Sunday, January 4, 2015

Pagan Values Part 2: Why so little nudity?

You probably don't remember, but I started a Pagan values series months ago and never got around to writing the part I wanted to write shortly after.  It's about nudity, which is a great topic.

Once upon a time, Pagans did rituals naked.  OK... we still often do rituals naked, but it's less likely you will encounter a nude Pagan at a Pagan event, even if the event is clothing-optional, as some still are.  This article posted way back when I originally was planning to write this has a set of arguments, most of which I think form pieces of this puzzle.  Some of what's argued there will inevitably be repeated here.  There are a lot of reasons why nudity has lessened, here are the ones that really pop out to me, though.

Pressure from Parents
If you go to a comment feed of anything advertising a clothing optional Pagan event you're pretty likely to find panicked complaints from parents about how they can't go because they have children.  This used to annoy the hell out of me.  The drive to make Pagan events "family friendly" is frustrating as a childfree Pagan who practices radical queer spirituality.  It took listening to a conversation between Pagan divorcees to recognize how important this is.  These were people who were basically forced to join churches and pretend to be born-again Christians to avoid having their kids taken away because their exes spontaneously became anti-Pagan when they felt they could use it to gain full custody of their children.  And this isn't an irrational fear: There have even been cases where Paganism was not an issue for either parent and a judge still insisted the children be kept away from the faith, such as this case where both parents were Wiccans and the judge still insisted their child be kept away from Wicca.

This has changed the character of the Pagan community and reduced the number of clothing-optional events, but it doesn't entirely explain the lack of nudity at events where nudity is welcome.  There are some other reasons for this that I have personally noticed:

I'm surprised at how little the original article touched on the whole subject of creepers, because quite frankly there are a lot of them.  Then again, people are often unwilling to point out that these people are creepers due to the unfortunate association of open sexuality with being more socially evolved that plagues radical and alternative communities (I'll talk a bit about that later).  To use an example, the very first time I encountered nudity at a public Pagan gathering involved a woman who was minding her own business only to have some dude grovel at her feet thanking her and calling her things like "Goddess" because she was nude, as if her nudity was inherently something meant for him.  When nudity brings you this kind of attention, it makes sense that people would put their clothes back on.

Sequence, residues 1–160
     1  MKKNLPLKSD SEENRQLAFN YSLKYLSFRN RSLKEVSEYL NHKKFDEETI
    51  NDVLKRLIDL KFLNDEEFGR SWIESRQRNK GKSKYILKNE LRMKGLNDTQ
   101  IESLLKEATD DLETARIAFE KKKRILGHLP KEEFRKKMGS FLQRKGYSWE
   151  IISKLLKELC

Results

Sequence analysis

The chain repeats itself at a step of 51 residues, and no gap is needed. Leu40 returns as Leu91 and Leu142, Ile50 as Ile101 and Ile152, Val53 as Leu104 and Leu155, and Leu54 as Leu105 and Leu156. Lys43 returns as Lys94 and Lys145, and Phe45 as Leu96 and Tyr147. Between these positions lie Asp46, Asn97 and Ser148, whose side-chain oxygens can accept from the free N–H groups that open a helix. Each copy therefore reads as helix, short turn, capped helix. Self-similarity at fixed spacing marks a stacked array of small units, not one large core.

Less Socially-Cumpulsory Sexual Availability

This is tied to the last one but still a separate issue.  One of the historical problems in the Pagan community--a problem that has plagued pretty much all radical and alternative communities--is the perspective that there's something Extra Specially Spiritual or Extra Specially Radical about being sexually available, whether that means you are willing to sleep with pretty much anybody or merely that you make yourself available as eye candy.  Mind you, being sexually available is perfectly fine if that's what you're into, but it's not something that a person should be pressured to do, which unfortunately has been a pretty big problem in a lot of subsets of Paganism.

Less Emphasis on Traditions Utilizing Nudity
I think this is actually a really big one.  Back in the '70s and '80s, the heyday of the publicly nude Pagan, the people you expected to show up at a Pagan gathering were in traditions that either utilized ritual nudity or were aligned with social movements promoting free love and sexual availability.  Gardnerian Wicca--which is source material for many more forms of Witchcraft than just other Wiccan denominations--practices ritual nudity.  Aradian Witchcraft practices ritual nudity.  Many feminist traditions of Witchcraft practice nudity.  Nowadays you're more likely to find people at Pagan gatherings who are in traditions that don't utilize ritual nudity.  Notably, most forms of Reconstructionism and Revivalism are typically not practiced nude, and Pagan events are being increasingly frequented by people who are in those faith categories.

Body Image
OK, this one is kind of a gimme.  People often don't go nude because they aren't comfortable with their bodies, and the standards of what makes a body "beautiful" are ever-changing and harder still to compete with. 

The fact that people are asking this question, though, gives me a little pause because so much of it suggests that the lack of nudity is a bad thing.  Is it?

And the answer for me is a solid "no."  Nudity is something that should always be a choice, of course, but when I see less nudity it strikes me as a similar situation to less hugging.  People are constantly going on about how people "don't hug enough" anymore and how humanity is now experiencing "deficits" in personal touch, but the reality is that people now have the autonomy to decide not to touch or be touched, and that's actually fantastic!

In the same way, fewer people going nude suggests to me not so much that people are more ashamed of being nude (although that may very well be a factor), but that people are not inclined to do so just because that's what Pagans do.  More importantly, perhaps, they aren't inclined to go nude out of a false obligation to be beautiful to bystanders.